Soy Lecithin

Soy lecithin is an emulsifier extracted from soybean oil. It’s commonly added to many packaged foods. Soy lecithin is generally considered gluten-free, but confirm with manufacturers, especially if the product also contains wheat ingredients.

Soy Flour

Soy flour is made from roasted, ground soybeans. Pure soy flour should not contain gluten. However, many commercial soy flours are produced in facilities that also process wheat, so there’s an increased risk of cross-contamination. Look for soy flour from brands that are certified gluten-free.

Soy Product Gluten-Free?
Plain soybeans Yes
Edamame Yes
Tofu Yes, if plain and unprocessed
Tempeh Yes
Soy sauce No, unless labeled gluten-free
Soy milk Yes, if plain and certified gluten-free
Soy protein isolate Yes, if uncontaminated
Textured vegetable protein No, high risk of contamination
Hydrolyzed soy protein Yes, but check labels
Soy lecithin Yes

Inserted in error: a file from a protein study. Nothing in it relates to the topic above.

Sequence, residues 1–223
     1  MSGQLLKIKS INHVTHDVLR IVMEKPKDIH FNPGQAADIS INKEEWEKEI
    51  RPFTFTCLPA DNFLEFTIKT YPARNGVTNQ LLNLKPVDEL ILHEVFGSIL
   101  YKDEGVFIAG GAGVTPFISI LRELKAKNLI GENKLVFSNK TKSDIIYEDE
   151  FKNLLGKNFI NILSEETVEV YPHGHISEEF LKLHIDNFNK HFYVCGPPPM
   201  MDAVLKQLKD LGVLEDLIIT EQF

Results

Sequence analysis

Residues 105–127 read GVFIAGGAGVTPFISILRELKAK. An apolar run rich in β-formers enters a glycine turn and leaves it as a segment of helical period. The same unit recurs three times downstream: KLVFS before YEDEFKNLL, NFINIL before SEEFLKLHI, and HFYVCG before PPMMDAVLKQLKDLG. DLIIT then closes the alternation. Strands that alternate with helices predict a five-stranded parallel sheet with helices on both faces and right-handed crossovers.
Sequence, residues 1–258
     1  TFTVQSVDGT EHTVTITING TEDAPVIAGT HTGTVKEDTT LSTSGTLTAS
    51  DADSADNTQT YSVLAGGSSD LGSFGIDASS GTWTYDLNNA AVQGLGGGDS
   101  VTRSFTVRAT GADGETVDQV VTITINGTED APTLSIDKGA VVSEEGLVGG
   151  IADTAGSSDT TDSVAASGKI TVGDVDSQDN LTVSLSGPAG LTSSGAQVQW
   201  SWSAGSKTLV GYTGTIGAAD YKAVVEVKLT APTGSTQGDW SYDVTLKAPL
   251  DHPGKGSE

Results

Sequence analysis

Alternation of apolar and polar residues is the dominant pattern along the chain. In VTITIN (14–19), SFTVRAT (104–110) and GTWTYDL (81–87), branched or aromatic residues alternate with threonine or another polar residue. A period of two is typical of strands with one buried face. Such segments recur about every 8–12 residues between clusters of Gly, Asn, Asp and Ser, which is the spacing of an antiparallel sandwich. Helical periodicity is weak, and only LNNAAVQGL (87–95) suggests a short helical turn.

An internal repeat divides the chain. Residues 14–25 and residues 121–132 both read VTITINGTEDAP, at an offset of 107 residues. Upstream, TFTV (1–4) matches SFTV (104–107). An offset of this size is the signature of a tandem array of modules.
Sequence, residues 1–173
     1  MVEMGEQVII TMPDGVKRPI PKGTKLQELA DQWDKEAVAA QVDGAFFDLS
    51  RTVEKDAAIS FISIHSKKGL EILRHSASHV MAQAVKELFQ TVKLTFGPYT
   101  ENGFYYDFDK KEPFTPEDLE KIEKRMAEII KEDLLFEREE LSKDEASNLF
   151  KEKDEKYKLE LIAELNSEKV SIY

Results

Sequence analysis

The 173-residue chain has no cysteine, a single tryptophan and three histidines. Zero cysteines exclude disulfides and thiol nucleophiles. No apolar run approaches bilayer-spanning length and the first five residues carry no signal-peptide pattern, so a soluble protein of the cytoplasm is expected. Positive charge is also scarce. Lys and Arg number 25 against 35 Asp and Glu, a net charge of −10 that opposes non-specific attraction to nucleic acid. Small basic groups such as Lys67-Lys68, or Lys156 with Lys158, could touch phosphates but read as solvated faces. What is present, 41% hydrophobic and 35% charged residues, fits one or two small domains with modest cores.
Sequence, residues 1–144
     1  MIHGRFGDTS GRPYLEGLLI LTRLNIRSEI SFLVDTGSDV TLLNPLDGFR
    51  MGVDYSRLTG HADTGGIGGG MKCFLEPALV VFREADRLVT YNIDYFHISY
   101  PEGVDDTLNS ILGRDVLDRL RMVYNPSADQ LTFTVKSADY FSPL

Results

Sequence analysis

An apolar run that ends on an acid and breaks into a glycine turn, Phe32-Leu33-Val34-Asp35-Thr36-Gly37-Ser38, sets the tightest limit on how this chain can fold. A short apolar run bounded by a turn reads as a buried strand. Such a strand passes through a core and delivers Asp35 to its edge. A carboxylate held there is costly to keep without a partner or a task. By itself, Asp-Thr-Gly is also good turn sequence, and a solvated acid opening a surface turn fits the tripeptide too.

Soy flour No, high risk of contamination

Other Foods to Watch Out For

While soy is generally safe in its pure, unprocessed form, celiacs also need to watch out for these hidden sources of gluten:

  • Soy sauce
  • Teriyaki sauce
  • Miso
  • Flavored tofu products
  • Processed meat alternatives
  • Imitation bacon bits
  • Breaded or fried items
  • Canned soups and gravies
  • Flavored nuts
  • Licorice
  • Certain prescription drugs
  • Vitamin and mineral supplements

Always thoroughly read ingredient labels, even on products labeled “gluten-free.” While a product may be gluten-free, it could be contaminated with gluten during manufacturing. Your safest bet is choosing whole, unprocessed soy foods verified as gluten-free when possible.

Cross-Reactivity with Soy

In rare cases, people with celiac disease may also react to soy. This is known as cross-reactivity. Someone who is sensitive to gluten may also have an immune reaction when exposed to proteins in other foods that are similar in structure, like soy and corn.